“It’s been tough.”
“Not just today or last week.”
“I’m not going to sit here and front.”
“I didn’t know.”
“I honestly didn’t know.”
This is just a smattering of a few of Joe Johnson’s thoughts this season on his now 7-20 Nets, who have lost five straight games. It’s a far cry from “it’s not that bad here.”
The road only gets steeper. Brooklyn now embarks on a stretch of 11 of 12 games against teams with .500 or better records, which could send their already-sinking season plunging past the Titanic wreck and into that weird part of the deep ocean where the anglerfish hunt.
Johnson has been a good soldier in a Brooklyn uniform: before the season, we ranked him as the greatest Brooklyn Nets player of “all time” (which really just means the last three years). But if he doesn’t want to be here anymore, there’s probably only one route: a contract buyout.
A few thoughts regarding how it could work, with some assistance from Larry Coon’s CBA FAQ:
1) The Nets have no real incentive to buy out Johnson, other than to assuage his potential wishes. Emphasis on potential; I should be clear — there is no indication that Johnson WANTS a buyout right now, or that the Nets are even considering it. This is purely speculation based on the trajectory of the season and of Johnson’s mood about it.
But buying out Johnson does nothing for the Nets in the short-term. They won’t save any money on the salary cap; even if they buy him out for nothing, Johnson’s $24.9 million still sits on the salary cap in full, leaving them unable to make any bigger moves. A buyout would help two things: Johnson’s conscience (again, if he requests it) and it could save the Nets a few million dollars on their actual balance sheet at the end of the year.
2) The Nets have been worse without Johnson. This isn’t a testament to Johnson’s game-changing abilities, just his offense-floating ones. In Johnson, they face the same predicament as Williams, though with less moodiness. Even with his notable offensive struggles this season, Johnson still ranks as the arguably the team’s best playmaker, and the Nets offense is far better off with him on the floor than on the bench.
Given the lackluster production from Bojan Bogdanovic, Wayne Ellington, Sergey Karasev, and Markel Brown, the season could go from bad to outright unwatchable if Johnson kicks out. (The team’s defense actually gets a bit better, but it doesn’t make up for the offensive drop-off, and that could be because the Nets are playing against opposing benches when he sits.)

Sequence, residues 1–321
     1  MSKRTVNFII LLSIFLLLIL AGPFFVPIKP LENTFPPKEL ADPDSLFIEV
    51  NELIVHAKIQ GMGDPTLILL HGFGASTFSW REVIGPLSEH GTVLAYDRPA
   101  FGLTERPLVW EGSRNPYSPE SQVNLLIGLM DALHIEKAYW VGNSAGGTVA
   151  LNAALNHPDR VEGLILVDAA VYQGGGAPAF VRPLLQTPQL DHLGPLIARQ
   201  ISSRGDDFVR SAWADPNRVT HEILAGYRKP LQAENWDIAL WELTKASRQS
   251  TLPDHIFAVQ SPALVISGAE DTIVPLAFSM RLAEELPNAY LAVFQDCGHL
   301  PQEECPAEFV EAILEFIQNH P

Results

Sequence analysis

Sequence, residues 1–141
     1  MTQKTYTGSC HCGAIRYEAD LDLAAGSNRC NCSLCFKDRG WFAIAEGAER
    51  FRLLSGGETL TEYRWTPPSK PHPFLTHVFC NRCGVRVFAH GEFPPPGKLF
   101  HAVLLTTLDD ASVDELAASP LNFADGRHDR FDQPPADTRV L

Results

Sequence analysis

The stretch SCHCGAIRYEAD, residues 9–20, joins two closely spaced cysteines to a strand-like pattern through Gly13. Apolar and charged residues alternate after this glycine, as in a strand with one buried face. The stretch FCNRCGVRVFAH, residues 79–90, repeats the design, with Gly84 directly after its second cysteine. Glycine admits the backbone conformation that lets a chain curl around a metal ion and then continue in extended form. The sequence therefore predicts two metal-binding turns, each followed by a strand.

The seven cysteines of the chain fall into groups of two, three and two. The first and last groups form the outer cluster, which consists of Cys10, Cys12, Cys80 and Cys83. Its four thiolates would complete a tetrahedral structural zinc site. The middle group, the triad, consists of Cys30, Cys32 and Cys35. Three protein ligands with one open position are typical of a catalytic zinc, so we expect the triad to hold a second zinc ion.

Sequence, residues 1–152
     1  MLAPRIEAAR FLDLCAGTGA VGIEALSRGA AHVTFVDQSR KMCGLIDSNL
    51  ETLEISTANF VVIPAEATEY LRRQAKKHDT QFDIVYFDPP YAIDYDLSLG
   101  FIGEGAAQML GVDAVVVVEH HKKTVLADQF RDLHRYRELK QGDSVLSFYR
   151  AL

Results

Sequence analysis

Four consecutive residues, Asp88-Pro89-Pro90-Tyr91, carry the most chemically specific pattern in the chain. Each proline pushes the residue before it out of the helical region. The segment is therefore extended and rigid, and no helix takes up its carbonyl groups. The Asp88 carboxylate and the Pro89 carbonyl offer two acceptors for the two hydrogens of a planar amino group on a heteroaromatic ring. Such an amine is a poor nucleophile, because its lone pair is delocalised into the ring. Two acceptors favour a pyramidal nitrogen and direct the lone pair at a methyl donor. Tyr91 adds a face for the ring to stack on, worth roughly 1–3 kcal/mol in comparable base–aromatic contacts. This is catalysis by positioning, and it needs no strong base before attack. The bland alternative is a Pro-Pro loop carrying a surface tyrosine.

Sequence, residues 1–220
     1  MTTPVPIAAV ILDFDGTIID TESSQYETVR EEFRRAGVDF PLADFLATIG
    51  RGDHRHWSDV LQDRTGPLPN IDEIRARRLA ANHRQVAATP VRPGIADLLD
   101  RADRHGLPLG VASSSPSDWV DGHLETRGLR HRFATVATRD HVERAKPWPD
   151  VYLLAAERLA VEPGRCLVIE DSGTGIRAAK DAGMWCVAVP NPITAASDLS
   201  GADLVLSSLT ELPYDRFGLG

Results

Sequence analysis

The Nets might also value Johnson’s tutelage for their young players, particularly Rondae Hollis-Jefferson.
3) The Nets could not “stretch” Joe Johnson’s contract, like they did with Deron Williams. It’s unlikely they’d want to do this anyway, as Johnson’s contract doesn’t extend beyond April, and the Nets already have $22 million in dead salary owed to Deron Williams over the next four seasons. But contracts can only be “stretched” if there are years beyond the current season. They could’ve used the stretch provision with Johnson in the offseason, but once September 1st rolled around, Johnson’s salary was locked in.
4) Trading him will be damn near impossible. Johnson’s value to the Nets off the court is that his $24.9 million contract is a giant expiring. The Nets likely want to keep their cap sheet as open as possible with free agency looming. But that also makes it difficult to match salaries with other teams, teams that may not want to give up players for a declining scorer with a hefty price tag.
5) January 10th could be an important date. On January 10th, all contracts become fully guaranteed by the league. Johnson could use that to his advantage if the team wants to buy him out after January 10th — say, close to the trade deadline if they can’t strike a deal — and say the Nets owe him his full contract no matter what.
But if Johnson really wants out — and again, we’re not saying that’s the case — he could elect to waive that protection and take a salary cut. So it probably won’t matter. It just might.
So should the Nets buy out Joe Johnson? Probably not, unless he flat-out refuses to show up, which seems out of character. But Johnson has made it clear that he wants to play for a winner next year, and at 34, he’s past the point where he can be the focal point of a successful team. Even if he sticks around until the last day of the season, that day will most likely be his last moments in Brooklyn black & white.
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